An Investigation of Health and Safety Issues at Highway Construction Sites in Developing Countries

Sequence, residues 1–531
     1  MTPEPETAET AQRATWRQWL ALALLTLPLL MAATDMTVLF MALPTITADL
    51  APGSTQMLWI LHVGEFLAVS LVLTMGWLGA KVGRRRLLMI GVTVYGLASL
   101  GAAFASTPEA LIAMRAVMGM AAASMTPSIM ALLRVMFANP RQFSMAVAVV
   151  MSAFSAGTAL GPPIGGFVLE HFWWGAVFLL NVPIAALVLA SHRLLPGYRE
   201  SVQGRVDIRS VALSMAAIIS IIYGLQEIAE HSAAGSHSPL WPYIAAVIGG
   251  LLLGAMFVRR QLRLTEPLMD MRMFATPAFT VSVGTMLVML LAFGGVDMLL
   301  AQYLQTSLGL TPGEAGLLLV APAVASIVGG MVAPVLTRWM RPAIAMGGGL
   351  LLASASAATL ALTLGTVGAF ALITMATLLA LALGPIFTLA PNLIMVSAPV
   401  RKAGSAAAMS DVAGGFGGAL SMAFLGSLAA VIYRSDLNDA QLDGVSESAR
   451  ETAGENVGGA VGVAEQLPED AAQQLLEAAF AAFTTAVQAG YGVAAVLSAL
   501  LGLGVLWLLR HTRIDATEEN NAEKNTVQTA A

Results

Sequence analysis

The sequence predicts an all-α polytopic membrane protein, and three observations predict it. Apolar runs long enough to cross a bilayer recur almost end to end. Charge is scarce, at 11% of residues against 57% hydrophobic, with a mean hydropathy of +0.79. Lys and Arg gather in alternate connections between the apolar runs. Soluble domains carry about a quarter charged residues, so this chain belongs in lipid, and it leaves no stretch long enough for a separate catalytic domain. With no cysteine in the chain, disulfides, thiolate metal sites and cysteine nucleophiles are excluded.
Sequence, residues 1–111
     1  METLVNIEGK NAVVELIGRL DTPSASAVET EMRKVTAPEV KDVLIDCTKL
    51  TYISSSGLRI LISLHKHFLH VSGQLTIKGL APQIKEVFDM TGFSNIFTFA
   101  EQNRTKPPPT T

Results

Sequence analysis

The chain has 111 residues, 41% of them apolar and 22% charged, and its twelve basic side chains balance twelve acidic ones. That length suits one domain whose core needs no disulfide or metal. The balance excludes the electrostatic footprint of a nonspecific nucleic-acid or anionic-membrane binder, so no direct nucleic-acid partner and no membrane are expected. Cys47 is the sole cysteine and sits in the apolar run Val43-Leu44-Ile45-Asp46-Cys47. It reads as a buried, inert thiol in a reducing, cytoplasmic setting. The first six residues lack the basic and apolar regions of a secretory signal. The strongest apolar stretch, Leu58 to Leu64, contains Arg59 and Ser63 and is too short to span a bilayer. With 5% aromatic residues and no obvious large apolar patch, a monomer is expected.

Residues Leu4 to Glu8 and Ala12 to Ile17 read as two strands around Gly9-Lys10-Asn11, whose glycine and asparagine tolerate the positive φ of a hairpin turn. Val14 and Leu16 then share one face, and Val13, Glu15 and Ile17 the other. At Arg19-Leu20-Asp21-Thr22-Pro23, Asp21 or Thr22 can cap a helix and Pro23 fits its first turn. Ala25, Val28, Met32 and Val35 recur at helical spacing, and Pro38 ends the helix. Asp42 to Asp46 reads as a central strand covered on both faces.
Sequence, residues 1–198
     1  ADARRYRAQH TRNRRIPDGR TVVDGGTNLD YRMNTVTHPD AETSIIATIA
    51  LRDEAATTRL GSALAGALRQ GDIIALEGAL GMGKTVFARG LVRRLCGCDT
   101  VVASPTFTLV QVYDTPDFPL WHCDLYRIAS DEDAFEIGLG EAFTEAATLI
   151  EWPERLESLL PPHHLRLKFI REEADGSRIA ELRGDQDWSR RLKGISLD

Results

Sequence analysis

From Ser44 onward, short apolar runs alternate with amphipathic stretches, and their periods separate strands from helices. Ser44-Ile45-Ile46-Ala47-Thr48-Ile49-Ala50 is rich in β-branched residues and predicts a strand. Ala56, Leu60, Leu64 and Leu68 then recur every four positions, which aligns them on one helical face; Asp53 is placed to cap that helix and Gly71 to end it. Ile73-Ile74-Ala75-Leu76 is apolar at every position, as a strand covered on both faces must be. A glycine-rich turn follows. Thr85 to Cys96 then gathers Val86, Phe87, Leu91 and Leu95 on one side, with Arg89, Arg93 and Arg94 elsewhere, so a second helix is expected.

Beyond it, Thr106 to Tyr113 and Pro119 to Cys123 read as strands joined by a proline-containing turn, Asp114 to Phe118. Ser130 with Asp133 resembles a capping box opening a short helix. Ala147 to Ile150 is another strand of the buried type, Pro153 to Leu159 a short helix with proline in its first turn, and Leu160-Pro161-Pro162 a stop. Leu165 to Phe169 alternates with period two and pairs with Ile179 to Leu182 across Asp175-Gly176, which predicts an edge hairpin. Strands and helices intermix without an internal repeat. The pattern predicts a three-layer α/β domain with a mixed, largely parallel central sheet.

Construction activities on highway projects are the key source of safety risks to workers and motorists. Workplace fatalities and injuries have significantly reduced since 1970 after implementation of OSHA (Occupational Safety and Health Administration) regulations. However, ergonomic injuries caused by ergonomic risk factors such as awkward or sustained posture, forceful exertion or stain, contract pressure, exposure to vibration, extreme heat or cold environment have major impact on the productivity and safety on the highway construction sites. The paper focuses on identifying the existing safety practices that aid to prevent ergonomic injuries at the highway construction sites. A comprehensive review of literature reveals that majority of work place injuries and fatality victims are from private employment whereas a very few injuries coming from the state or local government employees from contractors. The primary data was collected using questionnaire survey, interview and observations and the spreadsheet was used to analyse the collected data about the causes of workplace injuries and possible measures. The survey results reveal that the most of the injuries such as musculoskeletal disorders, strain and accidents transpired due to the collision with equipment and vehicle!s related incidents. Dump truck, tippers, motor graders and cars cause the frequently reported workplace injuries. The paper concludes that use of Personal Protective Equipment (PPE), compliance to safety regulations, improving traffic control system and changing the culture of employers and employees are possible safety practices need to be adopted to mitigate the ergonomic workplace injuries in the highway construction projects particularly in the developing and least developed countries.
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